Just over half of Irish employers (56pc) predict that candidates could have unrealistic wage expectations in 2022.
A major majority (91pc) of Irish employers have skilled recruitment challenges over the previous 12 months. That’s in line with a survey of 1,500 employers and professionals in Ireland by Hays recruitment group.
Most of the employers surveyed (84pc) intend to recruit in 2022, rising from 78pc in 2021. Employers are additionally 35pc extra more likely to counter-offer a resigning worker, versus pre-pandemic, in line with the Hays Ireland Salary and Recruiting Trends Guide 2022.
The survey, which was carried out this September, revealed that the recruitment challenges skilled by employers over the previous 12 months had had knock-on results on different areas of their companies.
Productivity and revenue margins have been notably impacted. Half of Irish-based employers mentioned that ongoing expertise shortages have had a unfavourable affect on organisational productiveness, whereas 39pc claimed expertise shortages have undermined their means to ship key tasks. An additional 30pc mentioned it has stalled their plans for enlargement. One in 5 employers indicated that recruitment challenges have been impacting their profitability and revenues.
Skills shortages have additionally impacted worker morale, enterprise growth and customer support. A minority (16pc) felt innovation and creativity had suffered on account of expertise shortages.
The majority of employers (68pc) mentioned they have been unable to satisfy their recruitment and retention objectives as a result of competitors from different employers.
Other distinguished causes cited included a scarcity of latest expertise getting into their trade (33pc), people leaving to work in different industries (17pc), lack of alternatives for development (14pc), folks transferring to different geographic areas (13pc),
Negative perceptions or stereotypes of the trade have been additionally an element for the abilities scarcity in line with 12pc of respondents. One in ten mentioned lack of range amongst these getting into the trade, whereas 8pc blamed the dearth of entry degree graduate schemes.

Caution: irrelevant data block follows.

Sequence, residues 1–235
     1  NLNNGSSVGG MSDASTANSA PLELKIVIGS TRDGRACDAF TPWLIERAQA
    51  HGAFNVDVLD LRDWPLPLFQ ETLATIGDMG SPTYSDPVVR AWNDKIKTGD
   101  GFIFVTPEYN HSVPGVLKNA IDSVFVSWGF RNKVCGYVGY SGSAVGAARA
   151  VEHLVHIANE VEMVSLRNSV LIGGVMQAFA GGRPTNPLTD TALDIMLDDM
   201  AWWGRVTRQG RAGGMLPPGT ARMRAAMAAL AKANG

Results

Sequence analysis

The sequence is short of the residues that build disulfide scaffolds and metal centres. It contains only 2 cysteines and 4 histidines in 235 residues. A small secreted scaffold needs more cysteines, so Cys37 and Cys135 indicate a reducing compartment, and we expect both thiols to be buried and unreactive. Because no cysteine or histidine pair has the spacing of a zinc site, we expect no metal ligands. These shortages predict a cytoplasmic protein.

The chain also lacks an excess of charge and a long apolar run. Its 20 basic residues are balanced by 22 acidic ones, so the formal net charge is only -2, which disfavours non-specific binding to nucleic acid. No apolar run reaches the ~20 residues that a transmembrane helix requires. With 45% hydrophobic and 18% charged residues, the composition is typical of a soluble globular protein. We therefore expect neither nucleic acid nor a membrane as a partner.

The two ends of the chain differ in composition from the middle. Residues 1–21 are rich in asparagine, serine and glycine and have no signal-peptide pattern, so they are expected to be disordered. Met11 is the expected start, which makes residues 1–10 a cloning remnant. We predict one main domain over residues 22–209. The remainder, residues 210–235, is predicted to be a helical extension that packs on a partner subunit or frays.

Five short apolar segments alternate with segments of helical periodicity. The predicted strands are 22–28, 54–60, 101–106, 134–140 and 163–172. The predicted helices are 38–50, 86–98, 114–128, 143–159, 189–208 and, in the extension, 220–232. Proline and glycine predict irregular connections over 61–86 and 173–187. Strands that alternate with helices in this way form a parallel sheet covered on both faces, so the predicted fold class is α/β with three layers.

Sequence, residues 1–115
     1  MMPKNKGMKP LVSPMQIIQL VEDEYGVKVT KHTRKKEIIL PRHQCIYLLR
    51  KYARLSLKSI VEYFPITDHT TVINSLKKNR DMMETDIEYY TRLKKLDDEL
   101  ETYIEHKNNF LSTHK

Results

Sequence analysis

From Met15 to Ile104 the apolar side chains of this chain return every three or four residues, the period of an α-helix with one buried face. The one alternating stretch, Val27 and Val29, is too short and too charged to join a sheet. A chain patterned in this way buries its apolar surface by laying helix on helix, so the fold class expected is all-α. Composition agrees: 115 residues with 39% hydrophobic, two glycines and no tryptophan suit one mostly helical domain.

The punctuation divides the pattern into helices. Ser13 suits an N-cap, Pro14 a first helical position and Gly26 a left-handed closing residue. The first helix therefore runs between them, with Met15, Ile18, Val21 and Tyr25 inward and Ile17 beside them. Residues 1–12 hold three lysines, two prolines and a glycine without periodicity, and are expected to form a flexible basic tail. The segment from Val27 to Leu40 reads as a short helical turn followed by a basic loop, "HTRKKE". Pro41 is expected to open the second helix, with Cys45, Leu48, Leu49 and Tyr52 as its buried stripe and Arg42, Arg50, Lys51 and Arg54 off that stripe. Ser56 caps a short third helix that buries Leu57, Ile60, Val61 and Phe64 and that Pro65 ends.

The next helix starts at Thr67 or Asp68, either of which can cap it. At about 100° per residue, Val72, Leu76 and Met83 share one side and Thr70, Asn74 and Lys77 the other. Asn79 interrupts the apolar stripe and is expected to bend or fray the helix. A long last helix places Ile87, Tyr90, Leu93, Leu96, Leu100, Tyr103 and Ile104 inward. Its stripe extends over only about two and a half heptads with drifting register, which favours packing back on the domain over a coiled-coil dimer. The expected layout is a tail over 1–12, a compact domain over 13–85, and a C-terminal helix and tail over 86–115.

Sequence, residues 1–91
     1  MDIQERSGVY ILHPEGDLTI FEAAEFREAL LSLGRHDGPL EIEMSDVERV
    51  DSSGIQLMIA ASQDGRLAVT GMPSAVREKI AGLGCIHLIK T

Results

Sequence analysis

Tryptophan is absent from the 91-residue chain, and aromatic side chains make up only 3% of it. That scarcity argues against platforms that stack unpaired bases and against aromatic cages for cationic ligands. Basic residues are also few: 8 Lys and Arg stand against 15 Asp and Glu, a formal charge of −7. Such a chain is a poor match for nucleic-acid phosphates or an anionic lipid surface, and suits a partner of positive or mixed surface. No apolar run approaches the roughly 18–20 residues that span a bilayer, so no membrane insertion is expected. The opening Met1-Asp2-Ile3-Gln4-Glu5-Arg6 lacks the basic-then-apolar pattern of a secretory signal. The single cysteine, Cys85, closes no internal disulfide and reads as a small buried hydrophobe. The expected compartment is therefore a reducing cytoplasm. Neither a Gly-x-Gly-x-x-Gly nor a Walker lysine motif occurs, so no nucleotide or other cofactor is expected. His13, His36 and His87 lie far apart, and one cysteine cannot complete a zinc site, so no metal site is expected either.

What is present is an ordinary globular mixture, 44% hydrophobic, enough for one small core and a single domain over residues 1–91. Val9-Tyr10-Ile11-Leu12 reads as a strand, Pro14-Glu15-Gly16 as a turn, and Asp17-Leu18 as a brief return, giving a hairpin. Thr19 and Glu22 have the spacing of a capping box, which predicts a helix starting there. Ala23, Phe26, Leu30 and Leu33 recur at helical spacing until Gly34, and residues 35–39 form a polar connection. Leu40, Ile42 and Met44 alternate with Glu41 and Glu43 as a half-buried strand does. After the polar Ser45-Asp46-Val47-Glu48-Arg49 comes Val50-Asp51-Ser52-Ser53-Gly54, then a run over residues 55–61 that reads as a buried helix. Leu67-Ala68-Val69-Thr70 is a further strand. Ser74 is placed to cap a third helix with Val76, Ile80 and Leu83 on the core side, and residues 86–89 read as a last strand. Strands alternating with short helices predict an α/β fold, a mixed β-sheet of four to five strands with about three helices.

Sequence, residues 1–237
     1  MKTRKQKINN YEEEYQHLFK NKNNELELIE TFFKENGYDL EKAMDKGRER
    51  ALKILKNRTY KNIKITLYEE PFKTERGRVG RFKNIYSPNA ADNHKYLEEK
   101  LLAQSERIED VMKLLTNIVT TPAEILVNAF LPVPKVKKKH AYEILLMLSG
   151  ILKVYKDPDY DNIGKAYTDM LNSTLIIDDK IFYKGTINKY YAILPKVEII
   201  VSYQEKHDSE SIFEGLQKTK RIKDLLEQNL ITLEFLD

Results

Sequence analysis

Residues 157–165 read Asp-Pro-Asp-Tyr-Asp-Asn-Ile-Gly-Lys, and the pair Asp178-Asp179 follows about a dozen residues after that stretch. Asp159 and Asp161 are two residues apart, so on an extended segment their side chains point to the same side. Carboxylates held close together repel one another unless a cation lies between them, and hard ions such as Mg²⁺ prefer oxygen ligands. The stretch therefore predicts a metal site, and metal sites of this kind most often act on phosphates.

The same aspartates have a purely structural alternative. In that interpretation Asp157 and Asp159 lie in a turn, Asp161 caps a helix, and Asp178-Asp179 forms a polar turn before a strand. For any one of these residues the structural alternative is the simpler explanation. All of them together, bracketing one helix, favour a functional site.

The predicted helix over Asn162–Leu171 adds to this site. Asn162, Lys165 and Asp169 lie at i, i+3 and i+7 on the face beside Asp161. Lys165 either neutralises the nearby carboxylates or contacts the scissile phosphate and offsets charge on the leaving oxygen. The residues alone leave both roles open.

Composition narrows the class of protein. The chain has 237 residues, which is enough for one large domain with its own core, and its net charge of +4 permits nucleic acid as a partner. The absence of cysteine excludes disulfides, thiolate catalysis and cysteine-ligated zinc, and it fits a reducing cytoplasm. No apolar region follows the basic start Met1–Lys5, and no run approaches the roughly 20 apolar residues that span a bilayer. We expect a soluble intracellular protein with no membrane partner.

In 2022, recruitment ranges are projected to be the very best in 5 years as employers battle to retain expertise. More than a 3rd of employers mentioned they’d counter-offer resigning expertise. When requested why, 86pc mentioned that they hoped it will forestall expertise from leaving, whereas 51pc mentioned it was essentially the most cost-effective factor to do.
An additional 29pc mentioned they’d counter-offer resigning workers to keep away from expertise gaps, and 13pc mentioned it offered a chance to rebalance salaries for people.
Just below three quarters (75pc) of employers mentioned they anticipated a continued scarcity of appropriate candidates in 2022, with 56pc anticipating unrealistic wage expectations on the a part of candidates.
Maureen Lynch, director at Hays Ireland acknowledged that “the competition for talent has been a universal challenge for Irish-based employers throughout 2021,” including that Hays anticipated this “trend to continue into the New Year, based on the findings” within the report.
“At a more macro-level, it is well documented that the Irish economy has rebounded strongly in the second half of the year and Irish employers understandably want to capitalise on this growth and position themselves for further expansion in the 12 months ahead,” Lynch mentioned.
“To this end, it is important that we look to identify meaningful solutions, including tackling recent work permit delays, to alleviate ongoing recruitment pressures. The ability of employers to recruit and retain talent is integral to delivering upon their wider business objectives, including realising their growth projections, maximising revenues and ultimately driving the fundamentals of a healthy business environment,” she concluded.
Don’t miss out on the data it is advisable succeed. Sign up for the Daily Brief, Silicon Republic’s digest of need-to-know sci-tech information.